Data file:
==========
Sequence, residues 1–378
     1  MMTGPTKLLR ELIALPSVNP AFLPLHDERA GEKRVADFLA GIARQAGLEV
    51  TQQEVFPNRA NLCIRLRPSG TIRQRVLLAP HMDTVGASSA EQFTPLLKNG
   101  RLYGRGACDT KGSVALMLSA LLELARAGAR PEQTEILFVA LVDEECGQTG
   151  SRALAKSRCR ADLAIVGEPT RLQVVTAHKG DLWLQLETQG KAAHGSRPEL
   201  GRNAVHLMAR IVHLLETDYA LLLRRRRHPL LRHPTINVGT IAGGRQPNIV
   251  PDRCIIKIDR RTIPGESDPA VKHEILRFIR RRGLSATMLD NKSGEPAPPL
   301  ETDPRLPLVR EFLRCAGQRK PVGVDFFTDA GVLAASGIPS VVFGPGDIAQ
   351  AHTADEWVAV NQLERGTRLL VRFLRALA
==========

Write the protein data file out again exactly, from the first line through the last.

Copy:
Sequence, residues 1–378
     1  MMTGPTKLLR ELIALPSVNP AFLPLHDERA GEKRVADFLA GIARQAGLEV
    51  TQQEVFPNRA NLCIRLRPSG TIRQRVLLAP HMDTVGASSA EQFTPLLKNG
   101  RLYGRGACDT KGSVALMLSA LLELARAGAR PEQTEILFVA LVDEECGQTG
   151  SRALAKSRCR ADLAIVGEPT RLQVVTAHKG DLWLQLETQG KAAHGSRPEL
   201  GRNAVHLMAR IVHLLETDYA LLLRRRRHPL LRHPTINVGT IAGGRQPNIV
   251  PDRCIIKIDR RTIPGESDPA VKHEILRFIR RRGLSATMLD NKSGEPAPPL
   301  ETDPRLPLVR EFLRCAGQRK PVGVDFFTDA GVLAASGIPS VVFGPGDIAQ
   351  AHTADEWVAV NQLERGTRLL VRFLRALA